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Georgia Journal of Science

Article Title

MONITORING LIVING SHORELINES ON THE GEORGIA COAST**

Abstract

Living shorelines (LSLs) are bank stabilization methods that provide a nature-based alternative to armored shorelines such as bulkheads or rock revetments. In contrast to those hard structures, LSLs are designed to provide fringing salt marsh habitat and a natural transition from tidal creeks to uplands. The LSL approach is relatively new on the Georgia coast, where tidal ranges and shoreline slopes exceed those of neighboring South Atlantic states with more established LSL techniques. Scientific monitoring is needed to understand the ecological consequences of LSLs and to guide their design and management. In 2015, the fourth LSL in Georgia was constructed of bagged oyster shells and native plantings on Lawrence Creek at Cannon’s Point Preserve, St. Simons Island. We monitored the site for six years—one year pre-construction and five years post-construction—by conducting annual transect surveys of benthic invertebrate and intertidal plant communities. Despite impacts from Hurricanes Matthew and Irma in 2016 and 2017, we observed gradual increases in invertebrate species diversity and in population densities of the eastern oyster (Crassostrea virginica Gmelin, 1791) and smooth cordgrass (Spartina alterniflora Loisel.). These keystone species stabilize the creek bank and provide valuable refuge and foraging habitat for fish and crustaceans. We are now applying what we have learned from Cannon’s Point to start a new monitoring program at a proposed LSL site on Honey Creek on the campus of the Episcopal Diocese of Georgia Retreat Center, Camden County. Employing a before-after-control-impact study design, we have collected baseline data on benthic invertebrates and plants along the currently eroding shoreline, and we plan to expand the scope of monitoring to include nekton and water quality. Together, these projects will provide novel insights into the physical and biological effects of LSLs in the dynamic estuarine environment of coastal Georgia.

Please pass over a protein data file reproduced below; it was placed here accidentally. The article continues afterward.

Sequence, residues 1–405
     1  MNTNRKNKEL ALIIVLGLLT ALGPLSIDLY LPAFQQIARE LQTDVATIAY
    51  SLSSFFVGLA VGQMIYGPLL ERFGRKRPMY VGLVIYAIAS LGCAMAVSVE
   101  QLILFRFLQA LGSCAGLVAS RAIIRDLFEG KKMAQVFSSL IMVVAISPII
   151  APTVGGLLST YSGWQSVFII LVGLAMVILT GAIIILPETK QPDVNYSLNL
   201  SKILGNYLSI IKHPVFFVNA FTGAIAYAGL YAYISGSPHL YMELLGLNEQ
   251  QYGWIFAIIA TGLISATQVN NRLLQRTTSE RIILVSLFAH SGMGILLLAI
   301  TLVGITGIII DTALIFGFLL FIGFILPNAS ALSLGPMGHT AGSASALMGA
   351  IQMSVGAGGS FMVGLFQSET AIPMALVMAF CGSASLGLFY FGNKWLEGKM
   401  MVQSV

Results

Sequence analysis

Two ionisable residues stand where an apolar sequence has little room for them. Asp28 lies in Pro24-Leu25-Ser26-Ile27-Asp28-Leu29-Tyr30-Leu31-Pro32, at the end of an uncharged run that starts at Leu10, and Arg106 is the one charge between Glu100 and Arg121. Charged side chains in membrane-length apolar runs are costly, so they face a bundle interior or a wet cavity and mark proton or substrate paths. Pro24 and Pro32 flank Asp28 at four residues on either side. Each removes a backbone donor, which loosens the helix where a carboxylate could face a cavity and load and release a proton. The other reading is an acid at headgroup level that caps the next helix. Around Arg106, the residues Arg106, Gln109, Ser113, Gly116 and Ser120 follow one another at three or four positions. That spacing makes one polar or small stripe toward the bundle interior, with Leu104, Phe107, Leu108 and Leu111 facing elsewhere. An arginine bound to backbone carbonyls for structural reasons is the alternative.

Acknowledgements

CCGA Department of Natural Sciences

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